This past weekend I spent 24 quick hours in Thunder Bay, a city that does not live up to its name: it could have been called Sunny Bay. And rather than thunder, the sound most heard in the city is that of machines struggling against the cold. Car engines barely starting, then wheezing along. Snow tires making that loud hum on the road that seemed to be in harmony with the moaning that was coming out of me as I went on a few walkabouts around the city. They were short, usually no more than 15 minutes as my (in)ability to brave the -36C temperatures for very long has me wondering if I’m a good Canadian after all, though I did have the most exquisite ice cream head ache I’ve ever had (without eating any).
Thus my exploration of the city was limited to whatever was 15 minutes outside of my downtown hotel (above). That is, downtown Port Arthur, as Thunder Bay has two city-centres. Adjacent municipalities Port Arthur and Fort William were amalgamated in 1970 (the first mini-megacity?) and named Thunder Bay, but many long time residents still refer to the two cities by their original names. The space in between, the wonderfully named “intercity,” was described to me as standard big box wasteland. Downtown Port Arthur looks out over the bay to The Sleeping Giant (top picture) that has some of the highest cliffs in Ontario. This elevation, mountains rising out of the water, gives Lake Superior much more of a sea or ocean “feel” than does Lake Ontario.
Below is a quick and chilly photo tour of Port Arthur.
There is an impressive stock of pre-war buildings downtown, built when the mills and shipping made the area prosperous.
The magnificent streamline modern former Eaton’s store still stands, but is now home to a call centre organization called Teleperformance. Look into what were once window displays and you will see rows of customer service folk wearing headsets plugging away at PC desktop computers. These jobs may help offset the loss of the high paying resource-based jobs that used to fuel this town’s economy, but it is likely a difficult (and downward) transition.
The building is put to other good (re)use though. In the basement around back is Definitely Superior, the only functional artist run centre between Winnipeg and Toronto. They have access to the kind of massive cheap space that big-city organizations can only dream of. The organizers I met described to me an upcoming event this year that will take over empty buildings and abandoned lots in and around downtown that will be like a sort of mini Nuit Blanche. It’s encouraging when grassroots arts organizations attempt to generate excitement around an urban neighbourhood in ways standard Business Improvement Area schemes can’t by themselves.
Parking lots often include outlets where people can plug their cars in to keep them warm.
I walked a quick loop uphill into the neighbourhood just north of downtown. The wooden 1970s bandshell is unlike anything I’ve ever seen, and has a bit of Scandinavian flair to it. The High School in the background was built when public structures were thought of as important enough to warrant castle-like architecture.
I found an impressive amount of interesting modern buildings in Thunder Bay. There were more than shown here, but my painfully frozen fingers kept slipping off the camera buttons.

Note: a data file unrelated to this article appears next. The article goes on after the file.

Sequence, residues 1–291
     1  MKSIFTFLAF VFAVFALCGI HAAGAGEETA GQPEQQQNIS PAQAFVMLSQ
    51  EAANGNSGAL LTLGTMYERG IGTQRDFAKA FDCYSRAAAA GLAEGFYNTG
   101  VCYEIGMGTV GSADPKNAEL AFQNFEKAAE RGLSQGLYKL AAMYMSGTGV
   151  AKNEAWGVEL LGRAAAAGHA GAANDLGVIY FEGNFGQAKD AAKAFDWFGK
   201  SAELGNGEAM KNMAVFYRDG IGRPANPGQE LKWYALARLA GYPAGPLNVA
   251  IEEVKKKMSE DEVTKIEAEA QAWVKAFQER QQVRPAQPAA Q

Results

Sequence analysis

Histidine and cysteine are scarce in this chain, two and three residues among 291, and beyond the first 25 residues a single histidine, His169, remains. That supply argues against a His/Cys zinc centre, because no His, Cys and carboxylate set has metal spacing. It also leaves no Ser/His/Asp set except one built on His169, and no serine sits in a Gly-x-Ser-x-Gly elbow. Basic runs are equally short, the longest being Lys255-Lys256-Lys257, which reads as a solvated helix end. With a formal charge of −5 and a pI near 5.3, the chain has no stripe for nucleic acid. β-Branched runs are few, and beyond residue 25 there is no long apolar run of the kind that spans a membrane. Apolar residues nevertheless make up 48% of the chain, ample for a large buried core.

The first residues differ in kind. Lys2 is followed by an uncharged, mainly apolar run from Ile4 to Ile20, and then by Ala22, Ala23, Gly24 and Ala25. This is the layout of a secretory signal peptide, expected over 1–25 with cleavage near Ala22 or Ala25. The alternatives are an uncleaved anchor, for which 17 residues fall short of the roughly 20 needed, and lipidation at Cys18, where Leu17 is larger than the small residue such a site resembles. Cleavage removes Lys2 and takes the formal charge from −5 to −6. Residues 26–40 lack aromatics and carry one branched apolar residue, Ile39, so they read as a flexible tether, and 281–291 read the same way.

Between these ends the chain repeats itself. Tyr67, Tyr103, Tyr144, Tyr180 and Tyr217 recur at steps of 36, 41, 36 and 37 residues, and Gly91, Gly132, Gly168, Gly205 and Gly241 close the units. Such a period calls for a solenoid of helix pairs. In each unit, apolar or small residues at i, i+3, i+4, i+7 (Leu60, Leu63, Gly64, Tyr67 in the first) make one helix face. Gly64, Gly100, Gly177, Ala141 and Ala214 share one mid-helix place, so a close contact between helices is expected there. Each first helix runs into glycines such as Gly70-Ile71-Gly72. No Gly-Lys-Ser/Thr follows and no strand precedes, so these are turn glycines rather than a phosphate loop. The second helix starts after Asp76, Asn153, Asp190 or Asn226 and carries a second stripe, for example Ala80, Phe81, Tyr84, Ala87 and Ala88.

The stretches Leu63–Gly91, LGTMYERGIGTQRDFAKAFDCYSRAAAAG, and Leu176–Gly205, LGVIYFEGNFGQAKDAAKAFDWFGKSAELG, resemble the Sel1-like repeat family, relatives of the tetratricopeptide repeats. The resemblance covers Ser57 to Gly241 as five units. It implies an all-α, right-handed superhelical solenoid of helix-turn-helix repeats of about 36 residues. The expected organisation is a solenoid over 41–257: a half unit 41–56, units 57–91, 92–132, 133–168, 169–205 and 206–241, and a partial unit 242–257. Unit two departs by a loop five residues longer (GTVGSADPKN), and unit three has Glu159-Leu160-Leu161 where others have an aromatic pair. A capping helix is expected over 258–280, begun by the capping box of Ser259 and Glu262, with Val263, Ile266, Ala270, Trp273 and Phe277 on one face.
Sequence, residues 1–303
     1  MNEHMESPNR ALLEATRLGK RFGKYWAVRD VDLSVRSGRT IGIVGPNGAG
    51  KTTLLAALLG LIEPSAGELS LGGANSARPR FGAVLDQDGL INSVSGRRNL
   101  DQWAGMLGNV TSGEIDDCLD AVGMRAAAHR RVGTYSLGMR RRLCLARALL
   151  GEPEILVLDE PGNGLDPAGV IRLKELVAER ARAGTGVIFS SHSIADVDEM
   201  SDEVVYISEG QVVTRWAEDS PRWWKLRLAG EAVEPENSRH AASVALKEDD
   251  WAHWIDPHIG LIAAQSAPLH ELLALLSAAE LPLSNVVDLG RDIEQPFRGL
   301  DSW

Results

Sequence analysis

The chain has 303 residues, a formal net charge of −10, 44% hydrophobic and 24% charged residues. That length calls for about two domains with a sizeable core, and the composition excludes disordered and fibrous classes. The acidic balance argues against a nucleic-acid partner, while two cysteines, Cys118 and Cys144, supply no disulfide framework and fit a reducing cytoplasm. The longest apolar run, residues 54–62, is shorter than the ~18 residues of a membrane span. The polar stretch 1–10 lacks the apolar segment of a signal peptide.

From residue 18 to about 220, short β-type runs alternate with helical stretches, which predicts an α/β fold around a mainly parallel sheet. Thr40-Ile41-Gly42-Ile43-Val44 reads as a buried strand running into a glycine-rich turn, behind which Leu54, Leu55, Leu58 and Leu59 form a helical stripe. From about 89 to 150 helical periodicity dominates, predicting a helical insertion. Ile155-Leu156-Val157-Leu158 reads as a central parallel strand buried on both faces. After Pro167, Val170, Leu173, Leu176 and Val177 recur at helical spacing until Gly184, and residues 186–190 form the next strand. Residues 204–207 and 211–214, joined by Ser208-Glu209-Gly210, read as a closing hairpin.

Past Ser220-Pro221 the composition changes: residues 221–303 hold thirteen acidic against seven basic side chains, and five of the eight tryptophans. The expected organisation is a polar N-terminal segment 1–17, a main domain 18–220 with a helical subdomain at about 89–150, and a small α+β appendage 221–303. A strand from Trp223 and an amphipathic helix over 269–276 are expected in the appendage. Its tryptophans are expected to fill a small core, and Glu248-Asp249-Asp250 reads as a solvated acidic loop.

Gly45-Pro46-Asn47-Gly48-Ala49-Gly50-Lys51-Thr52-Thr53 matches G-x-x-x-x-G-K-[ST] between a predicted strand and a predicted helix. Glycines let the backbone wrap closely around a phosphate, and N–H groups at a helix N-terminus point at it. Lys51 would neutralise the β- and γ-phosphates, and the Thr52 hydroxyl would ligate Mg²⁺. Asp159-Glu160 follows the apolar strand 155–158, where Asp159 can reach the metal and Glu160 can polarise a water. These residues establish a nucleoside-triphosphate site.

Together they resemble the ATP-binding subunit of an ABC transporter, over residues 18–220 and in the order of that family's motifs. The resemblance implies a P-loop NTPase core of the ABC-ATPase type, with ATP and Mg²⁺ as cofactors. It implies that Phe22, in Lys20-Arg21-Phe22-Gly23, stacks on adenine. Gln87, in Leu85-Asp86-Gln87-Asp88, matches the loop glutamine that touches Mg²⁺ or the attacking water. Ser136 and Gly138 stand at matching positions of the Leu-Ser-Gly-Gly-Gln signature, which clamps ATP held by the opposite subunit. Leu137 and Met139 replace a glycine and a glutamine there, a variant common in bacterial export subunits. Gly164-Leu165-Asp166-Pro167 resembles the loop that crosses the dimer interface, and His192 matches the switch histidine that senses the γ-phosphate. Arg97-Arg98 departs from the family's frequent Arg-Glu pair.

Buildings like this give a sense that it was once surrounded by similar structures when Port Arthur was at it’s peak.
The above photos were taken along Bay Street, the sort of bohemian strip of Thunder Bay. The city is also home to the highest Finnish population outside of Finland. The Hoito Restaurant, located in the Finnish Labour Temple, is one of a few restaurants that compete for the “best pancake” title.
Sadly, I was told people routinely “blow their brains out” in this parking lot outside of the Ontario Lottery and Gaming Corporation’s Charity Casino after they have lost everything inside. Unlike the casino in Windsor that has the huge American market to draw on or Casino Rama in Orillia with the entire GTA as a market, the Thunder Bay casino attracts a largely local crowd, and its negative effects are more profoundly felt.
My night walks went undocumented as it was just too cold to bring out the camera. In fact, 7 minutes out I had to duck into the closest bar to warm up. It was a place called “The Office,” a rough sort of bar where I initially wondered if I was in over my head, but I forgot how wonderfully small city bars work — they’re much more diverse and mixed up than big city establishments where every subculture has their own place or night. The first person I saw was the wasted man at the bar who slurred “just get a drink” to me. I did and took position in the back and watched, and only then noticed how diverse it was.
There were the dive bar drunks that catch the eye first, but also students, folks who were over 40, working class guys in baseball hats and plaid coats, a few tables of nerdish looking kids having a fun night out and more ethnic mix than you would find at a standard West Queen West bar (including approximately 1/4 aboriginal Canadian as Fort William First Nation is located just outside town). The DJ played Madonna, Justine Timberlake and other similar dance songs until the cover band went up and played Neil Young, AC/DC and Guns N’ Roses songs (followed by Timbaland and more dance music). The segue was seamless, and through it all the girls with the low rise jeans and midriff tops kept dancing, one arm in the air, one constantly pulling up their pants. In Toronto, if it wasn’t for our public spaces and public transportation, this kind of mixing would occur much less routinely because our quasi-public spaces are much more segregated.